But the best way to get your administrator there is to advocate for what you do in your own classroom. And that, I readily confess, is where I've fallen down miserably throughout my career.
To be fair, it's only been ten years since I was first exposed to Orff magic through a local workshop. Where I fault myself is in not sharing how revolutionary I found it to be with my principals. I didn't evangelize the gospel of whole-child music education, and as a result, I found myself marked down for not narrowing my approach to make it look more like a general education class.
So here's what I'm going to do in my next job: as soon as I've landed the position, I'm going to get my hands on the district assessment manual and go over it in excruciating detail, marking it up whenever I encounter a criterion that doesn't apply, or that needs to be reinterpreted in an Orff setting. Then I'm going to schedule a session with my new principal to talk over my concerns about being evaluated on these criteria. When it's time for a pre-observation conference, I'm going to share with my principal exactly what she or he will be seeing during the lesson, and how engagement in the lesson will look different from other teachers being evaluated. During the post-observation session, I'm going to be rigorous about talking through any areas in which I believe I was marked down for the wrong reason. Conversely, when I know something didn't work, I'm going to be honest about that--Orff teaching is always a work in progress, and every time I reteach a lesson, I try to make it better--and graciously hear out any ideas the principal may have about improving classroom management, or differentiating instruction for those children who, for one reason or another, aren't able to engage as fully as their classmates. At the same time, I'm going to challenge data-driven generic techniques that I know, from experience, are a bad fit for music taught the Orff way.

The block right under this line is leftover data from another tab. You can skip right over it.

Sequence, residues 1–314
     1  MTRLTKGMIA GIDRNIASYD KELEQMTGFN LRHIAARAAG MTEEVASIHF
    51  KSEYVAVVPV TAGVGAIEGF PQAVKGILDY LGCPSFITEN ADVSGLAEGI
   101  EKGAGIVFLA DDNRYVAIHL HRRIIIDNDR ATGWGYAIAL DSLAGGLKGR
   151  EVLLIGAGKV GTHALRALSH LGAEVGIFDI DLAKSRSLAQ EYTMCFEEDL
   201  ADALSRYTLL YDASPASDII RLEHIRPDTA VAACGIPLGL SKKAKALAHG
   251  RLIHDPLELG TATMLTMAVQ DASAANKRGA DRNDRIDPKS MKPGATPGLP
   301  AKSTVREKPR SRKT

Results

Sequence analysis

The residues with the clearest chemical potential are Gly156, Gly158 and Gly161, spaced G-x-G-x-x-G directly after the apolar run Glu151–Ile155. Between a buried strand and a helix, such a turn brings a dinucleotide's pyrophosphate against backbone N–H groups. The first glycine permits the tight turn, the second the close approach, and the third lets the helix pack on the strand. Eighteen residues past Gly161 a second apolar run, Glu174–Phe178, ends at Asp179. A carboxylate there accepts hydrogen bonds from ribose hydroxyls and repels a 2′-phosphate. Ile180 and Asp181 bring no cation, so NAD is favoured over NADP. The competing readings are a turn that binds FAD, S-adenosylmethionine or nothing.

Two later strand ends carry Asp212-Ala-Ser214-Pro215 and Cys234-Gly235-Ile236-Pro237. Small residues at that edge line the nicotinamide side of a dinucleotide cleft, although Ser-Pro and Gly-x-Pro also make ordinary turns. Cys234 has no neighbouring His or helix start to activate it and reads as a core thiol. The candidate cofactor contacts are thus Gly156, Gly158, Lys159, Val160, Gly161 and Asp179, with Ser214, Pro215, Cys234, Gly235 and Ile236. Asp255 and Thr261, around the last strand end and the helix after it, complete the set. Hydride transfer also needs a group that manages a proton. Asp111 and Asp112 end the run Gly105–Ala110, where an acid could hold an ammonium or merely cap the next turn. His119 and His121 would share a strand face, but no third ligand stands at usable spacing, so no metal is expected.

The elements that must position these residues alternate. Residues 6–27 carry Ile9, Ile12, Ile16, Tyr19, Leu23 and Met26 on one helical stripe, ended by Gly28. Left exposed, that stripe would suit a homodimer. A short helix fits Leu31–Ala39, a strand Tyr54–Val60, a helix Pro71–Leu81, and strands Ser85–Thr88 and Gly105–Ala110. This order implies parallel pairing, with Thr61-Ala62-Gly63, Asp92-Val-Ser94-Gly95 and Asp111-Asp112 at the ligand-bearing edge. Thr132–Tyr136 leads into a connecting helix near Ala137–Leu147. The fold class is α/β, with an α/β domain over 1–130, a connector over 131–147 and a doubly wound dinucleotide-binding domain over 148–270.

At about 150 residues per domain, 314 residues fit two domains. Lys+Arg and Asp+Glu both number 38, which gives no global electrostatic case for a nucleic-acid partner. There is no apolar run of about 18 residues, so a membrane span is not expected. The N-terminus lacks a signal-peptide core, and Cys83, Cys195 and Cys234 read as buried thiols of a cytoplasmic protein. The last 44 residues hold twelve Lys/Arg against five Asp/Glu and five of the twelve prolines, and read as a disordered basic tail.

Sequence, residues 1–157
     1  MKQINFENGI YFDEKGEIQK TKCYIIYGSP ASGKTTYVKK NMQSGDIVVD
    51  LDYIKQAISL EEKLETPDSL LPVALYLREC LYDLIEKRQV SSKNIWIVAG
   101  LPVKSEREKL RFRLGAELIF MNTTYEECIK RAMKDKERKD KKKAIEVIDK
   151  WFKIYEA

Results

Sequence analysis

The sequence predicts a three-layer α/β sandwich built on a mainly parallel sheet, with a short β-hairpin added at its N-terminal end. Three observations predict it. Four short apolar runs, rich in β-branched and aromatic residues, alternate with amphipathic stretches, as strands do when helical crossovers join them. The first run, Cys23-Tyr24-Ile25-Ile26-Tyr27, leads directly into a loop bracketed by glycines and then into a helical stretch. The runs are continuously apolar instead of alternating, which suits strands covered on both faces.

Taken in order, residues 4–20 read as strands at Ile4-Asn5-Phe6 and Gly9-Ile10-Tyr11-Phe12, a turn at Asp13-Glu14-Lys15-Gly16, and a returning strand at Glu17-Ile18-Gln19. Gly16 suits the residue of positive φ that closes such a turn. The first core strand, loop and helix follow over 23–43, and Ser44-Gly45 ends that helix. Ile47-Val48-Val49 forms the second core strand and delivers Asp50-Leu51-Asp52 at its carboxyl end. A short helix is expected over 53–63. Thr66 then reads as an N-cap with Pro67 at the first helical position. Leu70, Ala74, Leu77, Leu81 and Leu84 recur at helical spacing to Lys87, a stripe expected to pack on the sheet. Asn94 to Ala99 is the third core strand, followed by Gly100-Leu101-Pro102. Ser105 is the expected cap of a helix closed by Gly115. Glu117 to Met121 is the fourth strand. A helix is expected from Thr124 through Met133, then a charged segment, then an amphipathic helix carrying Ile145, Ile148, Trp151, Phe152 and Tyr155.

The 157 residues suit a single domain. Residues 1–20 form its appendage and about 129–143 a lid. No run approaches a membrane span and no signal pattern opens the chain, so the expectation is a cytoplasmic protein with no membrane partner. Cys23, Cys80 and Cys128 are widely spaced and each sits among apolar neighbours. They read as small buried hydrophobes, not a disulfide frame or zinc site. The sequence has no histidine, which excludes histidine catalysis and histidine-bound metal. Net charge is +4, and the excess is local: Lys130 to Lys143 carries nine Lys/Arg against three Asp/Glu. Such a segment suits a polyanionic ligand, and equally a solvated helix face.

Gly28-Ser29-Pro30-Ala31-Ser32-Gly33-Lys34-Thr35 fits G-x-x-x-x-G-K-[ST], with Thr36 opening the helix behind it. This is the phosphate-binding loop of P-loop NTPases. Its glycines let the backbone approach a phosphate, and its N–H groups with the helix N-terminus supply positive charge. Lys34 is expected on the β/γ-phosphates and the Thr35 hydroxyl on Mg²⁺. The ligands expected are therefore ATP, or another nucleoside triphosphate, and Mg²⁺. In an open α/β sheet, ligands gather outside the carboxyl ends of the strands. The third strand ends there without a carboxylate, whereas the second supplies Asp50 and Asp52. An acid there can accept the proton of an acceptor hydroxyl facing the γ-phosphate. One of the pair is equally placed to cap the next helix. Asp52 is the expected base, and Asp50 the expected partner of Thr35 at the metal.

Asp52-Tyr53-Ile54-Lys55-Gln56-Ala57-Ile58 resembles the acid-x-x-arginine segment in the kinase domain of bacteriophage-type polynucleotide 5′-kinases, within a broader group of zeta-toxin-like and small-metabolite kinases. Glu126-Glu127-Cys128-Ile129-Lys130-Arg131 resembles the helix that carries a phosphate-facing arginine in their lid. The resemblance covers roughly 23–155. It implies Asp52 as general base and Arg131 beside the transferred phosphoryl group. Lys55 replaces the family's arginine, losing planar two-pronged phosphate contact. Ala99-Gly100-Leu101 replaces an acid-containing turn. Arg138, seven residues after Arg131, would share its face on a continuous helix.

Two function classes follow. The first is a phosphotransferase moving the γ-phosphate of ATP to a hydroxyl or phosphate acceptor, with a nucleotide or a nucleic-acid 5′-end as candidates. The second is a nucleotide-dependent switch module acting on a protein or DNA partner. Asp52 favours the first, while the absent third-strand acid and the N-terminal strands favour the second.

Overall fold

The most important thing I'll be doing is promoting Orff. I'll be dispelling any wrong ideas the principal has about it. (We've all met the layperson who knows what "Orff instruments" are, and assume that using them is what Orff is all about.) And if, as is very possible, the principal's had a bad experience working with an Orff teacher, I'll put all my persuasive skills to work insisting he or she give it another chance. I am, after all, a preacher as well as a teacher.
Teaching the Orff way changes lives. It gives children an experience of music that is engrossing, pleasurable, and memorable. We're not just laying down a foundation for lifelong musical appreciation: we're creating the superstructure. Orff-educated children grow up to be adults who, however little additional training they pick up along the way, can experience music with their whole bodies, souls, and spirits. We know this to be true. More than that, we believe it. It's time we came out of hiding, and started making converts of the administrators without whom we can't practice our beliefs.